In my own area of study, the familiar trope of “balancing privacy and security” is a source of constant frustration to privacy advocates, because while there are clearly sometimes tradeoffs between the two, it often seems that the zero-sum rhetoric of “balancing” leads people to view them as always in conflict. This is, I suspect, the source of much of the psychological appeal of “security theater”: If we implicitly think of privacy and security as balanced on a scale, a loss of privacy is ipso facto a gain in security. It sounds silly when stated explicitly, but the power of frames is precisely that they shape our thinking without being stated explicitly.
This is a great point, and when I read it it immediately helped me to think more clearly. There is no evidence that taking away privacy improves security, so it’s purely a matter of security theatre.
Retaining telecommunications data is no help in fighting crime, according to a study of German police statistics, released Thursday. Indeed, it could even make matters worse… This is because users began to employ avoidance techniques, says AK Vorrat.
This is precisely the trajectory that we will all be following. The twin pressures from Big Content and law enforcement mean that the monitoring, recording and analysis of internet traffic is inevitable. But it will also be largely pointless, as my own recent experiences have proven. When I was in China, I wanted to use Twitter but it was blocked. So I logged in to a VPN back in the UK and twittered away. When I wanted to listen to the football on Radio 5 while in Spain, the BBC told me that I couldn’t, so I logged back in to my VPN and cheered the Blues. When I want to watch “The Daily Show” from the UK or when I want to watch “The Killing” via iPlayer in the US, I just go via VPN.
I’m surprised more ISPs don’t offer this as value-added service themselves. I already pay £100 per month for my Virgin triple-play (50Mb/s broadband, digital TV and telephone, so another £5 per month for OpenVPN would suit me fine).
The Institute for Advanced Legal Studies hosted an excellent seminar by Professor Michael Birnhack from the Faculty of Law at Tel Aviv University who was talking about “A Quest for a Theory of Privacy”.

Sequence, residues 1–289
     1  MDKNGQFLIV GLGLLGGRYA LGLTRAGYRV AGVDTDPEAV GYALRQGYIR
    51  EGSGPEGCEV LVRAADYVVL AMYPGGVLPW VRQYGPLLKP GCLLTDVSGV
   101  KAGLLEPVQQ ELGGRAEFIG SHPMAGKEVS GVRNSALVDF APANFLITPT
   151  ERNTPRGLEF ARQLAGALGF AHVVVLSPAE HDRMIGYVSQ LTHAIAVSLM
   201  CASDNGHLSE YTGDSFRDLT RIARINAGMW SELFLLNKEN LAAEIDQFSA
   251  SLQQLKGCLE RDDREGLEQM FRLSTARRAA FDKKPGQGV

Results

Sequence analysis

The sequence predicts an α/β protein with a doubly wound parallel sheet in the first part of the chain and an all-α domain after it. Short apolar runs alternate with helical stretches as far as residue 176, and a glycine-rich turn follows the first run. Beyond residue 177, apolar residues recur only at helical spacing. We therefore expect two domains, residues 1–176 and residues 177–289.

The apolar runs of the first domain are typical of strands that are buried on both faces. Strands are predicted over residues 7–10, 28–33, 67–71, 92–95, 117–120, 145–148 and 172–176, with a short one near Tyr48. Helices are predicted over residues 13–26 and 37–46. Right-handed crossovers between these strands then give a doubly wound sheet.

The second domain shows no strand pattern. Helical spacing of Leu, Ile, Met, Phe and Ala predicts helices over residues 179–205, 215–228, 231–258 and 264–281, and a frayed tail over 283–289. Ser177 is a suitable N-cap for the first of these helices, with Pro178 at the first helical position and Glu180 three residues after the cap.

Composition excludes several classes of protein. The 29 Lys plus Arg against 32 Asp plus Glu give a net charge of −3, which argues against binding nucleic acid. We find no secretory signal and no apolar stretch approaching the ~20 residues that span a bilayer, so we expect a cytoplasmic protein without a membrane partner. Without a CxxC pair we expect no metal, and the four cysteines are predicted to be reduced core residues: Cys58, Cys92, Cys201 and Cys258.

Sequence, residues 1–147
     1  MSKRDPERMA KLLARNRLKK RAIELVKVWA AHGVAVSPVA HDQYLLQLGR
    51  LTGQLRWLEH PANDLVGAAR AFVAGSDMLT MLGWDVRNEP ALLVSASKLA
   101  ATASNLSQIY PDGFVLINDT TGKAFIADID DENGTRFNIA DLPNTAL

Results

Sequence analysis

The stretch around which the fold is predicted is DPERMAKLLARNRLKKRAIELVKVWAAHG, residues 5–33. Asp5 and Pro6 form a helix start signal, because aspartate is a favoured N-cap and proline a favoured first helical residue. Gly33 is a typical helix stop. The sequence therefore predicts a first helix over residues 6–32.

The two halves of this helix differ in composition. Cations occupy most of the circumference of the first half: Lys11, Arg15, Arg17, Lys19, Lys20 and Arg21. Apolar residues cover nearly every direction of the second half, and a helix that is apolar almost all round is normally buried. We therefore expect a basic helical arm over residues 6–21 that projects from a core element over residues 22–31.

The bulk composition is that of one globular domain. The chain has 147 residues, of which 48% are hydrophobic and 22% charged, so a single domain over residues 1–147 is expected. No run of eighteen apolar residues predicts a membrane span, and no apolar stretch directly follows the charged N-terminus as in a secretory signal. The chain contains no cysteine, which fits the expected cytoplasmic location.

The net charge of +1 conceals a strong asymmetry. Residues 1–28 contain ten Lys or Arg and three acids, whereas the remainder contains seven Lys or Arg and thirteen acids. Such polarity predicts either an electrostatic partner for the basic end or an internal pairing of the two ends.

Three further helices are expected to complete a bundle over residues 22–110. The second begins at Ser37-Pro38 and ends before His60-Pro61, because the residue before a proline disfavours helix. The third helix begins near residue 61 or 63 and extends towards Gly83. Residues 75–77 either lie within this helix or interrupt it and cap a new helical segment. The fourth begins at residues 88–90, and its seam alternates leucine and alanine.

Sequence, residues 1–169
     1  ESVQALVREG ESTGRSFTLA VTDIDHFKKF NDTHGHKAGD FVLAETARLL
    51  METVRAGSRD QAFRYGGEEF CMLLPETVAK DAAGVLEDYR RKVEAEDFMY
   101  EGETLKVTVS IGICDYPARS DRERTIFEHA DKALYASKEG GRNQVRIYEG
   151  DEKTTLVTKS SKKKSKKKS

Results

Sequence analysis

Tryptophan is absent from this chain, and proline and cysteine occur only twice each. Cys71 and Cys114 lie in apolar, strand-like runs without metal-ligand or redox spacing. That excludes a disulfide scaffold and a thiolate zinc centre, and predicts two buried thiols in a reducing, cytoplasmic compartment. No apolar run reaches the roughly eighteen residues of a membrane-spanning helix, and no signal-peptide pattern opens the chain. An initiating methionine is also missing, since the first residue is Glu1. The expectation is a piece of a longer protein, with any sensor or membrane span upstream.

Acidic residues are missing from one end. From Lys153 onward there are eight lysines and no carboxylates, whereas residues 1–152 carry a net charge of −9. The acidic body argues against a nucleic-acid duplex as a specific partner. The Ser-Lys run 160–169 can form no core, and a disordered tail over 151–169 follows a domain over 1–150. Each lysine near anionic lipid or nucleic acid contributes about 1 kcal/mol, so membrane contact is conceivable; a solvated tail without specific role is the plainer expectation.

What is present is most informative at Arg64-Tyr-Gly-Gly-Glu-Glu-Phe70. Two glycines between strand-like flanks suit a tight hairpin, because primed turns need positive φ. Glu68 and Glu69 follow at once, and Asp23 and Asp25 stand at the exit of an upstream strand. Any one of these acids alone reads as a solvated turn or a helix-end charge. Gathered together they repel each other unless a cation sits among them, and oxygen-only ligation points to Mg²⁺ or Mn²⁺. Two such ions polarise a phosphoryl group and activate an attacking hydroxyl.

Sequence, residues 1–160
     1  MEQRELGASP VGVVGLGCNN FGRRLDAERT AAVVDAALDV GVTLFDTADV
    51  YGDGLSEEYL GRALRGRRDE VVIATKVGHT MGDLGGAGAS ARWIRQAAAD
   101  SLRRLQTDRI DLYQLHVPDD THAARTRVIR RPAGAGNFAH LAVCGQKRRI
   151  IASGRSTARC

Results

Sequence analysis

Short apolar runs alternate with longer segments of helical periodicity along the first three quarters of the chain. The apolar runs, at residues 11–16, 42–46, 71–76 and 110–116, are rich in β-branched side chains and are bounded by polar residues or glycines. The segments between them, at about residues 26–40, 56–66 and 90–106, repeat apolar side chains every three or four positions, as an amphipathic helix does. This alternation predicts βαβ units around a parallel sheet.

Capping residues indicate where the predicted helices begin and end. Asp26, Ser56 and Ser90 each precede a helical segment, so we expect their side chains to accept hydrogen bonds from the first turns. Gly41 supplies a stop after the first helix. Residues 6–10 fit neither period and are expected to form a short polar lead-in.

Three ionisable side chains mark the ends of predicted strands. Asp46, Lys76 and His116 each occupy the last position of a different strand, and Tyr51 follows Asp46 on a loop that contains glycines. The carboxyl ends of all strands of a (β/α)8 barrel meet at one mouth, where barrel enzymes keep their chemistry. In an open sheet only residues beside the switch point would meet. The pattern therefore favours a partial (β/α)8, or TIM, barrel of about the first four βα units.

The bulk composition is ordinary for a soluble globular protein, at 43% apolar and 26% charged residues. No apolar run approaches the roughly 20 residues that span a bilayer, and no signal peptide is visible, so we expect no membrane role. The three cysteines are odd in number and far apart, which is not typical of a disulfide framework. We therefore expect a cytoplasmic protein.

He pointed out that while we’re all very worried about privacy, we’re not really sure what should be done. It might be better to pause and review the legal “mess” around privacy and then try to find an intellectually-consistent way forward. This seems like a reasonable course of action to me, so I listened with interest as Michael explained that for most people, privacy issues are becoming more noticeable with Facebook, Google Buzz, Airport “nudatrons”, Street View, CCTV everywhere (particularly in the UK) and so on. (I’m particularly curious about the intersection between new technologies — such as RFID tags and biometrics — and public perceptions of those technologies, so I found some of the discussion very interesting indeed.)
Michael is part of the EU PRACTIS research group that has been forecasting technologies that will have an impact on privacy (good and bad: PETs and threats, so to speak). They use a roadmapping technique that is similar to the one we use at Consult Hyperion to help our clients to plan their strategies for exploiting new transaction technologies and is reasonably accurate within a 20 year horizon. Note that for our work for commercial clients, we use a 1-2 year, 2-5 year, and 5+ year roadmap. No-one in a bank or a telco cares about the 20 year view, even if we could predict it with any accuracy — and given that I’ve just read the BBC correspondents informed predictions for 2011 and they don’t mention, for example, what’s been going on in Tunisia and Egypt, I’d say that’s pretty difficult.
One key focus that Michael rather scarily picked out is omnipresent surveillance, particularly of the body (data about ourselves, that is, rather than data about our activities), with data acted upon immediately, but perhaps it’s best not go into that sort of thing right now!
He struck a definite chord when he said that it might be the new business models enabled by new technologies that are the real threat to privacy, not the technologies themselves. These mean that we need to approach a number of balances in new ways: privacy versus law enforcement, privacy versus efficiency, privacy versus freedom of expression. Moving to try and set these balances, via the courts, without first trying to understand what privacy is may take us in the wrong direction.